say, "Okay, well look. It looks like it killed ... it killed more than 90% of the bacteria, or very likely it killed more than 90% of the bacteria given ...
given the sample size, and the margin error and all that." Even if it is indeed the case, that 95% of all the bacteria died, it doesn't necessarily
mean that it was caused by the antibiotic, maybe it was caused by the plastic in the petri dish. Maybe the air in the petri dish was too cold or went bad, or maybe it was handled in a weird way. Or, maybe that bacteria was just a bad ... a bad culture, and it somehow it just spontaneously died on its own. She can't say with confidence that it was definitely ... it was definitely the antibiotic. In order for her to make that statement, she would have to run a proper experiment. She would have to have a control and a treatment group, where everything is equal except for the treatment group has the treatment. So if she had 2 petri dishes that were kept in the same conditions with the same lightning, the same air, the same material that the bacteria is growing on, everything the same, except for the treatment group, has the antibiotic applied to it. Then she saw that in the treatment group that most of the bacteria died while in the control group, most of the bacteria didn't die, then she could say, "Okay. It looks like the antibiotic caused the bacteria to die. That there was actual causality here." So, she would have had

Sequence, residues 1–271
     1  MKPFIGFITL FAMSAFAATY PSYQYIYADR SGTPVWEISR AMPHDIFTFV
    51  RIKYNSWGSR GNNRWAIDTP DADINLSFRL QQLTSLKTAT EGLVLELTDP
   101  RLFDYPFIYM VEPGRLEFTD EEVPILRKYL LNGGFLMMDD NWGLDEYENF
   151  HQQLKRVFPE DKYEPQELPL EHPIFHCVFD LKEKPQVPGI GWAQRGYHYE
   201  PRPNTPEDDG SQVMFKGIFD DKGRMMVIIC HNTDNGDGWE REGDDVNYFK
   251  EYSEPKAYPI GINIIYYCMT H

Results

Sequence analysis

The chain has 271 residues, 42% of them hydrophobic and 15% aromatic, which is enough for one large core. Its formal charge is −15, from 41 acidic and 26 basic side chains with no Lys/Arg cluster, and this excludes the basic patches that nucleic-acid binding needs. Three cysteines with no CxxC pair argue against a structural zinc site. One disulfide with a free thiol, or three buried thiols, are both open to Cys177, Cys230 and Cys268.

to run an experiment. The most appropriate statistical study, or the most appropriate study would have been a proper
controlled experiment. Where you have a control group, where they don't have the antibiotic, and a treatment group, where they do have the antibiotic. Let's see what are the choices here. Where they say is the study appropriate? So, yes because she is appropriate study. No, I don't like that answer. No, because she can't know for certain that the true percentage of dead bacteria is above 90%. Well, I'm not going to click on that, because even if she knew for certain that the true percentage of the dead bacteria were 95%, she can't feel confident that it was due to the antibiotic. Once again, it could be caused by the air conditioner. It could have been
caused by the petri dish. It could have been caused by the lighting in the room. So, no, because the study didn't have a treatment and a control group. Yeah, I would go with
that one right over there. Yes, because she found that the antibiotic killed more than 90% of harmful bacteria. Once again, even if she knew for sure that more than 90% of the population had been killed, she doesn't know that it was caused by the antibiotic. It could have been caused by a whole bunch of things. If she had a controlled group that had the exact same conditions and the bacteria didn't die, then she could feel better that it was the bacteria death was due to the antibiotic.